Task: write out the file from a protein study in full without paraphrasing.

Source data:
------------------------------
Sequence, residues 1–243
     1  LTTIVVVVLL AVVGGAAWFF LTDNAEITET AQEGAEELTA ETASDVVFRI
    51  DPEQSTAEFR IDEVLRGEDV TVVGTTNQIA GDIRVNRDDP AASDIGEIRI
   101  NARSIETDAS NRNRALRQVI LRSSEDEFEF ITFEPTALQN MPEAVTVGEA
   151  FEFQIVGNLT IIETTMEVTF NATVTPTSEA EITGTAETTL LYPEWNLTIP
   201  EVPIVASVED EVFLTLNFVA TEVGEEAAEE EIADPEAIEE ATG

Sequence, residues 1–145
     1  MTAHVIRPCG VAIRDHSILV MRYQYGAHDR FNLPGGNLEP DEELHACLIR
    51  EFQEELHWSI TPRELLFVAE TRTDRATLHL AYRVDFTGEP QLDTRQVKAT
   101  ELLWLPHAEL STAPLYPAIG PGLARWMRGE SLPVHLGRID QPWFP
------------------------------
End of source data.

Sequence, residues 1–243
     1  LTTIVVVVLL AVVGGAAWFF LTDNAEITET AQEGAEELTA ETASDVVFRI
    51  DPEQSTAEFR IDEVLRGEDV TVVGTTNQIA GDIRVNRDDP AASDIGEIRI
   101  NARSIETDAS NRNRALRQVI LRSSEDEFEF ITFEPTALQN MPEAVTVGEA
   151  FEFQIVGNLT IIETTMEVTF NATVTPTSEA EITGTAETTL LYPEWNLTIP
   201  EVPIVASVED EVFLTLNFVA TEVGEEAAEE EIADPEAIEE ATG

Sequence, residues 1–145
     1  MTAHVIRPCG VAIRDHSILV MRYQYGAHDR FNLPGGNLEP DEELHACLIR
    51  EFQEELHWSI TPRELLFVAE TRTDRATLHL AYRVDFTGEP QLDTRQVKAT
   101  ELLWLPHAEL STAPLYPAIG PGLARWMRGE SLPVHLGRID QPWFP